As we look back today in remembrance of September 11, 2001, it’s affirming to appreciate the progress that has been made on the new World Trade Center Complex, especially over the last handful of years. The development has restored a vertical prowess to the Financial District and the Lower Manhattan skyline, given rise to a stunning new transit center topped by by Santiago Calatrava‘s Oculus, and will soon become a cultural destination as well. Construction has resumed for the Ronald O. Perelman Performing Arts Center, tenants are steadily filling the 2.5 million square feet of office space at Three World Trade Center, and tourists and locals are experiencing Memorial Glade, the newest section of the 9/11 Memorial. YIMBY also checks in on the current state of Two World Trade Center and Five World Trade Center.
The installation of the outside envelope on all levels of “The Dime” in Williamsburg, Brooklyn is nearing the finishing mark. The topped-out, 23-story mixed-use complex is located at 209 Havemeyer Street and stands close to the elevated Marcy Avenue subway station. Fogarty Finger Architecture is in charge of designing the new building, which rises behind the 111-year-old, landmarked Dime Savings Bank, while Charney Construction & Development and Tavros Holdings are developing the 350,000-square-foot complex. Douglas Elliman is handling leasing, JLL is the commercial broker, and Ripco is handling the retail component.
Construction has topped out on 329 Broadway, a 17-story mixed-use residential tower in Williamsburg, Brooklyn. Designed by Syndicate Architecture and developed by Parkview Management, the 195-foot-tall structure contains 175,000 square feet of newly built space. The development will feature 63 units, more than 59,000 square feet of retail area on the first two floors, and around 24,500 square feet of community facilities on the third and fourth floors. JLJ Capital recently provided $57 million in financing for the project.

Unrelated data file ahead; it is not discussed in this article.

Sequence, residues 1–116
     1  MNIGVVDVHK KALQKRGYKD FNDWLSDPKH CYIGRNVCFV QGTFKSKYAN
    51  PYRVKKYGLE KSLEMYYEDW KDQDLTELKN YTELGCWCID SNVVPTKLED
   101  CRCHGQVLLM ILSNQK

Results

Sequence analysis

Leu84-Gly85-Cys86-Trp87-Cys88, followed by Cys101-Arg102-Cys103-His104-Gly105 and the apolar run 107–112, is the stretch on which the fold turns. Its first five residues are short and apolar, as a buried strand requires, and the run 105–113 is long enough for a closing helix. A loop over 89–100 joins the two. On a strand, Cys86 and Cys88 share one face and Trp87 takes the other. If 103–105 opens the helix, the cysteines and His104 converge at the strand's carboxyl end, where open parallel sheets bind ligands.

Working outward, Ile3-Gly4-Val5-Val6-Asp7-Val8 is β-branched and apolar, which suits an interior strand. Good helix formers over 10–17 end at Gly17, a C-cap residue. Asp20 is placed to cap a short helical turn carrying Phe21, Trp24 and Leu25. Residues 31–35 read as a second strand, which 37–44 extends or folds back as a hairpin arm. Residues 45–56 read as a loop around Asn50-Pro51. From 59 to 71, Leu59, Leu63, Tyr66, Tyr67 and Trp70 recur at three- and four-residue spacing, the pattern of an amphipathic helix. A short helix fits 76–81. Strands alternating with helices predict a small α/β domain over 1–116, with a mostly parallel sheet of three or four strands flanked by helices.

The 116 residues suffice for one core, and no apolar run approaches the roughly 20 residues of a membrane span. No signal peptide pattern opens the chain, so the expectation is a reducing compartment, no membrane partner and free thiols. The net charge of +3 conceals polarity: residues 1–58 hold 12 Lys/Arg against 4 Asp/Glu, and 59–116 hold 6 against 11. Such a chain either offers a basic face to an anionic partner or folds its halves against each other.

Exterior work is wrapping up on One South First, the tallest new building to be constructed in the Williamsburg waterfront development of Domino Park. Formally addressed as 260 Kent Avenue, the reinforced concrete structure rises on the northern end of the master plan and is part of the large-scale revitalization of the Domino Sugar factory site. The 435-foot-tall mixed-use project will soon yield 330 rentals, 66 affordable units, and 150,000 square feet of office space among 22 floors, as well as 13,000 square feet of ground-floor retail space. COOKFOX is the architect of the tower and Two Trees Management is the developer.
The glass facade is continuing its climb at Two Blue Slip, aka 41 Blue Slip , in Greenpoint, Brooklyn, the second tower to rise in the Greenpoint Landing master plan. The topped-out reinforced concrete structure, which stands 40 stories tall above the waterfront, is designed by Handel Architects and co-developed by Park Tower Group and Brookfield Property Partners. L+M Development Partners is the third developer of Greenpoint Landing, but not for this particular tower. 41 Blue Slip stands taller than its adjacent residential sibling One Blue Slip, aka 37 Blue Slip, the first to be erected at the waterfront site.